Soul Sacrifice is a new IP that places you at the (lack of) mercy of an evil sorcerer. With only a magical book to guide you in your journey to becoming a sorcerer you must build your repertoire of spells in order to save yourself and the world. Complete quests by yourself or with others online in order to become strong enough to defeat the sorcerer, and while you’re doing that – be weary of what sacrifices your actions may bring.
Soul sacrifice is an action RPG that has a very unique and riveting story line. You start off a nameless nobody in a cell ready to be sacrificed by the evil sorcerer Magusar. The world has come to an end and there seems to be no hope left to be found. However, a magical book by the name of Librom finds his way to you and begins to tell you a tale of Magusar’s beginnings in hopes that by finishing the story, you will acquire information on how to defeat him and return the world to its natural order. Librom has you relive the stories within the book as Magusar’s companion, another sorcerer whom you gain control over. You venture through several chapters of the book, gaining different spells, passive abilities and all the while unlocking the secrets of how to save the world. None of this would be useful if kept in a book however, so Librom explains that everything you learn as the sorcerer in the book, you will gain knowledge to in real life. Essentially, Librom is turning you into the one person who can save the entire world.
The general plot line of soul sacrifice is reminiscent of various sci-fi movies and books. It’s filled with betrayal, difficult choices, internal and external struggles and some wild theories and claims about how the world of sorcerers works. But as you make your way through the story… you’ll find that it works. Instead of being confused or bothered by the outlandish theories the game brings about, you will find that everything seems to make sense and suddenly you understand events, emotions, and actions that took place earlier in the story. The developers took a risk at how far out from normal they could go, and it paid off with a brilliantly told and quite gripping story. You can really feel yourself being connected to the characters in the game (albeit how few there are), pushing you to finish the story before you do anything else.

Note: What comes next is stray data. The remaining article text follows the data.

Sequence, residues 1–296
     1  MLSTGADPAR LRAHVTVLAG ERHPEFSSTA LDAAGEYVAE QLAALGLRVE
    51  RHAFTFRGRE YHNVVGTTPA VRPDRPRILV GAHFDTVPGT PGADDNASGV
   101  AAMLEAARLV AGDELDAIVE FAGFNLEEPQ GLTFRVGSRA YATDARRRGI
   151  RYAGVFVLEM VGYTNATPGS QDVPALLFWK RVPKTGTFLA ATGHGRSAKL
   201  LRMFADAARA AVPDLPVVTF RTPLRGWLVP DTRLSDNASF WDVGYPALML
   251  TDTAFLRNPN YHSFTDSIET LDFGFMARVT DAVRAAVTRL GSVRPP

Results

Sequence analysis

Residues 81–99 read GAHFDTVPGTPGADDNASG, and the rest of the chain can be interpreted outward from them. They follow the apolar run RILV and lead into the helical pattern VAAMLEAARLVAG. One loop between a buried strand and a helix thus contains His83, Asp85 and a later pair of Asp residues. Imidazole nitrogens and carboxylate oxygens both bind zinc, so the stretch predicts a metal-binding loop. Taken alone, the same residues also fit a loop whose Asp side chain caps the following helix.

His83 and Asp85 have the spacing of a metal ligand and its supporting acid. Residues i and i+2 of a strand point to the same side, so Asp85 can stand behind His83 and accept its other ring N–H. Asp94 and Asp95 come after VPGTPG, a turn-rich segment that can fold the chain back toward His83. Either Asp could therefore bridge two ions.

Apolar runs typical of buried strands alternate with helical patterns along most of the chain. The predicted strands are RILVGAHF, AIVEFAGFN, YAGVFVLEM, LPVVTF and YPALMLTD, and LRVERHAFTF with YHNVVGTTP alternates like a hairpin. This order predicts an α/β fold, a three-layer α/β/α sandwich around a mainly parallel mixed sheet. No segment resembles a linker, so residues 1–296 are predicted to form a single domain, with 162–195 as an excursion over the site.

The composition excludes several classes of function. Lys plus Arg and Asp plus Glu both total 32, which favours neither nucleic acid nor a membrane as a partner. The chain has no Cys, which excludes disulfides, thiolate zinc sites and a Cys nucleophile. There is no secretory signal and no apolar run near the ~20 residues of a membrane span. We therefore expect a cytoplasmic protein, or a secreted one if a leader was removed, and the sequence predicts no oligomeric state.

One of the key successes of the story is actually how it is told. Soul Sacrifice makes an interesting move by not showing many cut scenes and replacing usual story progression with the pages of the book, being read by an eerie voice portraying your character. If you have the patience to listen to each line being read within the story, you will certainly gain more understanding of the weight of the situations, and be able to grasp a lot of the feelings coming from the story.
Sadly, soul sacrifice’s main story can be completed in one day, provided you understand the tactics and mechanics of the game for some of the later missions. Even though it is short, the story leaves nothing to be desired. There are two endings which both properly lead to a sequel and really grasp the gravity of the entire build up, forcing you to reach deep into your soul to pry out what you feel would be the best way to conclude the epic journey you have uncovered.